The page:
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In a column about “working class lives,” he told of a clerk named Artie whose girlfriend was losing interest in him and beginning to see other men socially.

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“In the early 1900s, vice commissions across the country sent police and undercover investigators to check out spots where people went to make dates,” Weigel writes.

“As early as 1905, private investigators hired by a group of Progressive do-gooders in New York City were taking notes on what we can now recognize as the dating avant-garde.” She recalls the report of one such special agent, staked out at the Strand Hotel in Midtown, who noted that the women he was spying on did not seem like prostitutes, per se, but were concerning nonetheless.

“This was an asset whether you were selling handkerchiefs or selling yourself.” Elinor Glyn, writing for Cosmopolitan in 1926, referred to personality simply as “It,” which was, according to Weigel, “a mysterious kind of animal magnetism.” “With ‘It,’ ” Glyn wrote, “you win all men if you are a woman — and all women if you are a man.” Glyn’s article was adapted for a movie starring Clara Bow as “a shopgirl who has ‘it,’ ” and the concept of the It Girl was born.

Bow’s It Girl, of course, sought to marry the boss — in this case, the son of the store’s owner.

In 1900, the average female worker earned less than half of what a man would earn in the same position.” If you’ve ever wondered how it developed that men were expected to treat their dates, that’s how.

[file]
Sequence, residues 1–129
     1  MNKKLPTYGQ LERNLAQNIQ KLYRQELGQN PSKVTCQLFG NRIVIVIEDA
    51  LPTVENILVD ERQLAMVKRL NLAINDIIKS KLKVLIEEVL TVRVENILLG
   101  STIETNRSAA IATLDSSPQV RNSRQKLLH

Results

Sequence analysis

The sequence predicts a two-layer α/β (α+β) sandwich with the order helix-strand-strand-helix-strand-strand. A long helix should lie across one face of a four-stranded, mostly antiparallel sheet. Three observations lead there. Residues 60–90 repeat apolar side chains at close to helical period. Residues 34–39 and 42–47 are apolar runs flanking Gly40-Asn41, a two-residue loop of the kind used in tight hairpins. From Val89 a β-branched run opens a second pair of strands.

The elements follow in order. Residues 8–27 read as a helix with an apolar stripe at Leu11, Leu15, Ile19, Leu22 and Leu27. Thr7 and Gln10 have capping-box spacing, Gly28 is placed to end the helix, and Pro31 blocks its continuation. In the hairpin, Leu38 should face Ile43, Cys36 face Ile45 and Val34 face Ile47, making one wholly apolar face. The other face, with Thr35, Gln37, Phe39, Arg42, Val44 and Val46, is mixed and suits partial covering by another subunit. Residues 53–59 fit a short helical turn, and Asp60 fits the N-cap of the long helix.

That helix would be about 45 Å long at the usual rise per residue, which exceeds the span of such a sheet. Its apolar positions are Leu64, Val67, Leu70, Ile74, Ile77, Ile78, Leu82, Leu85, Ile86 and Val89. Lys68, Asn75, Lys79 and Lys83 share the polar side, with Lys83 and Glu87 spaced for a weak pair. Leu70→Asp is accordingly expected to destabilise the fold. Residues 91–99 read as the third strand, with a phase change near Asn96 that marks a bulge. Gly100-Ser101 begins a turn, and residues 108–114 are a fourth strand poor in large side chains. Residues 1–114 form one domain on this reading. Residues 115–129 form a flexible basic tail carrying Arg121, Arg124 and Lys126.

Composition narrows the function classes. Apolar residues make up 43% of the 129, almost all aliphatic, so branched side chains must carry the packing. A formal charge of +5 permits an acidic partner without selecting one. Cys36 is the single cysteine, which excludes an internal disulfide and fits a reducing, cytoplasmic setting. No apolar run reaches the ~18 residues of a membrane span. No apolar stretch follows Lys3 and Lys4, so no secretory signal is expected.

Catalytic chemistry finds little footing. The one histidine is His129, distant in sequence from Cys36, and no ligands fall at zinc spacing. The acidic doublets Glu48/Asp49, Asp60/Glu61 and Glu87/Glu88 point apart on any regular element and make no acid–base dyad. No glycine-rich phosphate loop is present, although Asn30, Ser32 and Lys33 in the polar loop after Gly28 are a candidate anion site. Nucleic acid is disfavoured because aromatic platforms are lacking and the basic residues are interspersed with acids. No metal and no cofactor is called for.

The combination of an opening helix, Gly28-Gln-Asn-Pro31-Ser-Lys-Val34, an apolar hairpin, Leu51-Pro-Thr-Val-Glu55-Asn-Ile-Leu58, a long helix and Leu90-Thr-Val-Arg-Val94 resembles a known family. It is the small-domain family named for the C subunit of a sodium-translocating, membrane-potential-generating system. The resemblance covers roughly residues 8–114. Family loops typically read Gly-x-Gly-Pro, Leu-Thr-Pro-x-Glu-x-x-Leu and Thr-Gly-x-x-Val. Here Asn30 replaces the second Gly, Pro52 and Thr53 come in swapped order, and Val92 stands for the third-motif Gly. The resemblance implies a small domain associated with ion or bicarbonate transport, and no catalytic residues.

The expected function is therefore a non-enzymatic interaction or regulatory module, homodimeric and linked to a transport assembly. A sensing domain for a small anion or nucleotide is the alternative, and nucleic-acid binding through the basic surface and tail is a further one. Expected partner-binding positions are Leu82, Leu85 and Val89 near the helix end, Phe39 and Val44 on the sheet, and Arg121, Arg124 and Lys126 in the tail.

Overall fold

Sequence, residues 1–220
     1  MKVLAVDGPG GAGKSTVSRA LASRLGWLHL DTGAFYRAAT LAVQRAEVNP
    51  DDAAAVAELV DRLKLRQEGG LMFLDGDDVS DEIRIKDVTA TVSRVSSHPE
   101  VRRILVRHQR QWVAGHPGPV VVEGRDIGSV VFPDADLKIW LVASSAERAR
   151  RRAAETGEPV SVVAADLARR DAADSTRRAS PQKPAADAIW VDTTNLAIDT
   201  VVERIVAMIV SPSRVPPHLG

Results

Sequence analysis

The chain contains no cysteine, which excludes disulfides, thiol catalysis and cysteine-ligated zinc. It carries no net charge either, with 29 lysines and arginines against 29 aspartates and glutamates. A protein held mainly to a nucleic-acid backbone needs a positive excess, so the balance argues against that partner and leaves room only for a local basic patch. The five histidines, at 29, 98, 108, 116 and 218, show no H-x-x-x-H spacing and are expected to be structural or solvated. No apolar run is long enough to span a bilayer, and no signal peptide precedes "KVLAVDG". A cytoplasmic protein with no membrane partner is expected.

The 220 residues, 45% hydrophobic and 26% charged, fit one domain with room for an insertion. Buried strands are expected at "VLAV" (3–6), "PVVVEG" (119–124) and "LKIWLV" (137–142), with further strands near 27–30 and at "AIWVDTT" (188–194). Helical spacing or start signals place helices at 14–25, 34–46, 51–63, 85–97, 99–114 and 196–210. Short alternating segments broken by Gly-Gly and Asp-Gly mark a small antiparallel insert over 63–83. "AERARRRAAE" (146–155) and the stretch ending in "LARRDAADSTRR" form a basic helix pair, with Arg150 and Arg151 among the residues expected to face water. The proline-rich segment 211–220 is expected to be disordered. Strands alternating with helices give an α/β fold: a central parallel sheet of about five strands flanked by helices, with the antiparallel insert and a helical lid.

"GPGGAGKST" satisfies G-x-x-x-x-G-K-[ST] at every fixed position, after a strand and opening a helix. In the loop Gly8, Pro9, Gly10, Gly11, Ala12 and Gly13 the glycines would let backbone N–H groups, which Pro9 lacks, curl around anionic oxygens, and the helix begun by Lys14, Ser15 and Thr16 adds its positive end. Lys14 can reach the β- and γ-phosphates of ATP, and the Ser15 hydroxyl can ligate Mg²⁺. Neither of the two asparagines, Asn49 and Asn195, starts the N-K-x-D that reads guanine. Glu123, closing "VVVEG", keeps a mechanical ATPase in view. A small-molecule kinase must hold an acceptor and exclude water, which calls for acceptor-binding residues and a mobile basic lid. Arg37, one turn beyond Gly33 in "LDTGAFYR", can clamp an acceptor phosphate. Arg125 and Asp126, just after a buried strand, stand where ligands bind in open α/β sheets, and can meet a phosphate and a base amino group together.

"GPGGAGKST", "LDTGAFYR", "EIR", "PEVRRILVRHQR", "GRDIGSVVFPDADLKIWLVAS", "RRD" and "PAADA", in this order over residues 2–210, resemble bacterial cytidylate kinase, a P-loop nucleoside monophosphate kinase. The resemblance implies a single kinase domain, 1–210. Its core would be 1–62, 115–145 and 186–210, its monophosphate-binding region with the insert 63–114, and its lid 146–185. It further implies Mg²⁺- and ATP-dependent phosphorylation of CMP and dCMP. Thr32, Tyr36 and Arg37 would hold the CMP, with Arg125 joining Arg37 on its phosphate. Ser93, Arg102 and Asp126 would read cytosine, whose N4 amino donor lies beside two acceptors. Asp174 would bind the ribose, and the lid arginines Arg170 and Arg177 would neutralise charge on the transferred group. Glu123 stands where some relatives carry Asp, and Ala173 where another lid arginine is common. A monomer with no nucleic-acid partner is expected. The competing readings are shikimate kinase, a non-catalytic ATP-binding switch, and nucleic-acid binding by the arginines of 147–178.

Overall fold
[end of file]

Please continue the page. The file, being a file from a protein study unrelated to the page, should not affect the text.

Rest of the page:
“‘If I had to buy all my meals I’d never get along,’ a young woman living in a boardinghouse in Hell’s Kitchen told a social worker in 1915.” But as these women were courted in public, efforts were undertaken to curb what authorities viewed as a potential public menace.

But how much worse would it be if the very act of it landed you in jail?

According to “Labor of Love: The Invention of Dating” (Farrar, Straus and Giroux), a sprawling new history by Moira Weigel, the first female daters faced exactly that — mistaken, in their quest for love, for prostitutes.

“Previously, only prostitutes and actresses ‘painted.’ Victorians had viewed ‘natural’ outer beauty as a sign of clean living.

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